Other than a couple models of corporate jet and parts for the A220 (for a few years), I'm not sure what else Bombardier will be doing.

So, Alstom will now be making the Bilevels for GO?
 

smallspy

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Some people have argued that the EU trade commission and German anti-competition clauses will force bombardier to sell off some redundant designs, so it is very well possible that Alstom won't get the Flexity since it has the Citadis.

It's already happening. As part of the terms of the sale Bombardier will have to sell off its high-speed rail line (likely to Hitachi), and it's Talent line-up. As well, Alstom will divest one of its Coradia product lines as well as the plant where they build them.

This kind of thing is pretty common. For instance, as part of the 2001 purchase of Adtranz Bombardier had to spin off its Variobahn line - it was picked up by Stadler who still make them today.

So, Alstom will now be making the Bilevels for GO?

The deal is still not done yet. It closes at the end of this year, pending the final divestments and approvals.

Dan
 

rbt

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Don't know if they'll be keeping the Bombardier models, and call them the Alstom Flexity Freedom (and Alstom Flexity Outlook) models.

Short-term they'll keep whatever they get orders for. Tearing out an already tooled and busy assembly line very rarely saves money.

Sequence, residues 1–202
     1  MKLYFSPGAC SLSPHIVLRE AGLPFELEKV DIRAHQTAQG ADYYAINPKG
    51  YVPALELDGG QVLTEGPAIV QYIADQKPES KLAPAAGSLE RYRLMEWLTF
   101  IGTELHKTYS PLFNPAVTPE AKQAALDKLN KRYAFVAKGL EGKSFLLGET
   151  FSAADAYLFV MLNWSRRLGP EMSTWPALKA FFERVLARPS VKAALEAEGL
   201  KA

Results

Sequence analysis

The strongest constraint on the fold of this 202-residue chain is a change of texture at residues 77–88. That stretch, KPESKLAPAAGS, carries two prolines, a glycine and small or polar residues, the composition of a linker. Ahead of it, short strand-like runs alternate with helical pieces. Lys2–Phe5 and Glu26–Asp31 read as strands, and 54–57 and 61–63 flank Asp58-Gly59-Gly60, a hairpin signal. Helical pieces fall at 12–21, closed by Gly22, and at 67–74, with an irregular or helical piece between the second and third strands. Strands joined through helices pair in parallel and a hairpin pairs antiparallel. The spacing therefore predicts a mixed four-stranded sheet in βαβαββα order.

Within a decade I expect new designs will take the best bits of both fleets. Bombardier's patent collection was pretty decent.


Vancouver may find themselves in a tricky position in a few decades; the LIM system was niche platform in Bombardier and it's going to be a very tiny platform in the combined Alstom.
 
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KevinT

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I don't know, Waterloo got a 19 km system with traffic light priority, (including an MSF) for less than that...

16 km.

Lol. Google ion light rail "19 km", it would seem that Keolis, Infrastructure Ontario, Wikipedia, as well as countless newspaper and magazine articles would like a word with you...

Edit to add: Okay, googling ion light rail "16 km" also produces a lot of hits. Let's call it a draw.
 

Bureaucromancer

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So, Alstom will now be making the Bilevels for GO?
The deal is still not done yet. It closes at the end of this year, pending the final divestments and approvals.

That said, the bi-levels are one of the more attractive bits of the North American line, with an actually established customer base.
 

Streety McCarface

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Lol. Google ion light rail "19 km", it would seem that Keolis, Infrastructure Ontario, Wikipedia, as well as countless newspaper and magazine articles would like a word with you...

Edit to add: Okay, googling ion light rail "16 km" also produces a lot of hits. Let's call it a draw.
19 km is the total distance where the 1-way sections are counted twice, 16 km is the distance where the one-way sections are not double-counted.

I've made the mistake before.